Bell Curve The Law Talking Guy Raised by Republicans U.S. West
Well, he's kind of had it in for me ever since I accidentally ran over his dog. Actually, replace "accidentally" with "repeatedly," and replace "dog" with "son."

Tuesday, November 04, 2008

Yes We Did!

Barack Hussein Obama is the President Elect of the United States of America!  Not only has he won but he has won a crushing victory.  He won both Ohio and Florida - states that were each pivotal in the last two elections.  He won Virginia and is winning in Indiana, North Carolina and Montana, states that Republicans would never have dreamed could go into the Democratic column.  


It's looking now (it's late where I am) that Obama could get around 364 electoral votes, possibly 367.  This is a great day for African Americans and I am very happy for them.  I can't imagine the joy they must feel right now.  But make no mistake this is not just their moment.  This is a victory for a national movement that involved people of all races, ages, genders and regions.  

As I write this, Prop 8 in California is too close to call.  I can't express how much I hope it fails.  
It's a new dawn!

6 comments:

Pombat said...

Yay Obama! Yay all of you who voted Obama!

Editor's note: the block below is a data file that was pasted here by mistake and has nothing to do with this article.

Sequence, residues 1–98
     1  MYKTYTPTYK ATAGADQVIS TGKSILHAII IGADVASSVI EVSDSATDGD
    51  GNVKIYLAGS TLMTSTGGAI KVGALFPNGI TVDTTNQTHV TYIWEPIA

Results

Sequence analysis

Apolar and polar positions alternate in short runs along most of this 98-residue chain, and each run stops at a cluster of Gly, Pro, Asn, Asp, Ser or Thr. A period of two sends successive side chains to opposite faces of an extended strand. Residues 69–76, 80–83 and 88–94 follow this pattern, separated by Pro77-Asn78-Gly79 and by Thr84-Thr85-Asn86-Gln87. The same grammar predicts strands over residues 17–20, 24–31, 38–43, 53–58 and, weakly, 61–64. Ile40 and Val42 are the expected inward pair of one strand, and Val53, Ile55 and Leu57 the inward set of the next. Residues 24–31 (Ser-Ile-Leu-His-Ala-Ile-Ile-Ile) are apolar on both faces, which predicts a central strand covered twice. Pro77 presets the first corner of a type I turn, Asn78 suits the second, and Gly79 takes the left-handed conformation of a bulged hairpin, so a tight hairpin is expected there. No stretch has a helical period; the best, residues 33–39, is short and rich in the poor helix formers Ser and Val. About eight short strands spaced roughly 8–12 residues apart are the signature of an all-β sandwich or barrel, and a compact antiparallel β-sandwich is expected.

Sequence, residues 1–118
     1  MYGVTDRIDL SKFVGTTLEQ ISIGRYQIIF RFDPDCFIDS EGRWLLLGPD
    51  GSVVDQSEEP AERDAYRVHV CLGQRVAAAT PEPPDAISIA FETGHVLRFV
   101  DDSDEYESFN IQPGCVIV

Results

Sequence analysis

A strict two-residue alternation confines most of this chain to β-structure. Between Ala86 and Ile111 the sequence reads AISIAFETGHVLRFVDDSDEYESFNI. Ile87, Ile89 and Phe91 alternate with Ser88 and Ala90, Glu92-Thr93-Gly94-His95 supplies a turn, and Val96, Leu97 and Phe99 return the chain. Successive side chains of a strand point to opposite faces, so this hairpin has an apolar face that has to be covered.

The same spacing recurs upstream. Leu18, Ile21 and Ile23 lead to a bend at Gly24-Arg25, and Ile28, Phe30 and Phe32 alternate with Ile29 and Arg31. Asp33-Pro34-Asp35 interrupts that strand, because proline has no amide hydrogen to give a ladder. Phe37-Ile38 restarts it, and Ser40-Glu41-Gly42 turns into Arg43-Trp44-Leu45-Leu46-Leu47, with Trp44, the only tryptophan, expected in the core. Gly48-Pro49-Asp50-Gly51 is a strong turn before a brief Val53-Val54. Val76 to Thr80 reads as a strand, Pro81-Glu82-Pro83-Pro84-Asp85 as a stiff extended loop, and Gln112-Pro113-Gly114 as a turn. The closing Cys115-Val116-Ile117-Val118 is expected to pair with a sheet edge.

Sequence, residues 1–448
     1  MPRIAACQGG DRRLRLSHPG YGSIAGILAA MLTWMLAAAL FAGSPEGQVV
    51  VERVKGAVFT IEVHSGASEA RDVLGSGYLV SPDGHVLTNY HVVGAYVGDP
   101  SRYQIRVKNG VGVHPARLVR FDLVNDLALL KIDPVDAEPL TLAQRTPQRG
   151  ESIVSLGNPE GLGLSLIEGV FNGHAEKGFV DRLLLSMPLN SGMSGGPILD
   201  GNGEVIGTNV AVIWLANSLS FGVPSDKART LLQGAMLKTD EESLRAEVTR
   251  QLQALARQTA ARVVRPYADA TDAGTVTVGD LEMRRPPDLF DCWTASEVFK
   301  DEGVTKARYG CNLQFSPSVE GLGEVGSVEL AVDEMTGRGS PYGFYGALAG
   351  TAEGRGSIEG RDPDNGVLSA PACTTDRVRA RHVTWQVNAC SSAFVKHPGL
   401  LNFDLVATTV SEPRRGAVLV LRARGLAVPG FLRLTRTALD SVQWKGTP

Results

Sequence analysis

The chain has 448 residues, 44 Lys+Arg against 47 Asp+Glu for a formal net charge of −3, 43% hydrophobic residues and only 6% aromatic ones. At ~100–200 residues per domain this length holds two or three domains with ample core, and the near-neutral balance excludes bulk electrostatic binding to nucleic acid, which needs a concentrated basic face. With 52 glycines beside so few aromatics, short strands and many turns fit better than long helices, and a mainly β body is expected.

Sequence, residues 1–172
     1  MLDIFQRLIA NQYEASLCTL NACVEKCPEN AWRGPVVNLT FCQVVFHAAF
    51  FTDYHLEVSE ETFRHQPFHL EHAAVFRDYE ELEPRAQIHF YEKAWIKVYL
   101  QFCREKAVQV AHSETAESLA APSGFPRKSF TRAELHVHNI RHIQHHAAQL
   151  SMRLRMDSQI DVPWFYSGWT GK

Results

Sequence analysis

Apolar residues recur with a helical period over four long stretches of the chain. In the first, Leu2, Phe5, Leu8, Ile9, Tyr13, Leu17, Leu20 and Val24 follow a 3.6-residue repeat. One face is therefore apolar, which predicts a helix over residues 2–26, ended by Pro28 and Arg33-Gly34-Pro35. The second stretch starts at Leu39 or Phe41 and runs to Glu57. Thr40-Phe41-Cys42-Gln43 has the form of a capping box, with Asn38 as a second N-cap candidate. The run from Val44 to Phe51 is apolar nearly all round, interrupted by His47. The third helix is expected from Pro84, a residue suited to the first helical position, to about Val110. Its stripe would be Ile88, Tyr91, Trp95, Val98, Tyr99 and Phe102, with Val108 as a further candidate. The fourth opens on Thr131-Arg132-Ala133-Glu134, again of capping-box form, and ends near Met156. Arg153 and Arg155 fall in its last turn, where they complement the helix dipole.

I'm feeling rather worried about Prop 8 right now though (and wanting the names & addresses of the 1,891,734 Californians that the LA Times is currently saying voted yes - got some visiting & shouting at to do next time I'm in town).

Raised By Republicans said...

If Prop 8 wins it will be LA's fault and African American's fault. The LA Times is reporting that with 100% of the LA County votes in, the yes vote edged out the no vote 50.4 to 49.6.

Here is a CNN exit poll on the issue but the numbers don't ad up and I think this is a rather sloppy exit poll. So take these numbers are probably off somewhat but the gross levels of support among the various groups are probably more or less accurate. One thing that is probably correct is that something like 70% of African Americans voted to take existing liberties away from other Americans.

http://www.cnn.com/ELECTION/2008/results/polls/#CAI01p1

I have to say that I doubt this is a racial issue. I suspect strongly that it is a religious issue. College educated Non-Whites were solidly for prop 8 but non-college educated Non-Whites were solidly against it. Why? Church. College educated non-whites are more likely to be frequent church goers than either non-college educated non-whites or college educated whites.

If Prop 8 wins it will have done so with significant support from Democrats (about 35%). Why? Because Prop 8 is what happens when political debate in this country is restricted to an argument between the Religious Left and the Religious Right.

Yes, it was the Religious Right that took the lead pushing Prop 8 but I would bet dollars to donuts that if we dug into that 35% of Democrats who seem to have voted for Prop 8 we'd find that they are significantly more likely to attend church at least once a week than the Democrats who voted no on Prop 8.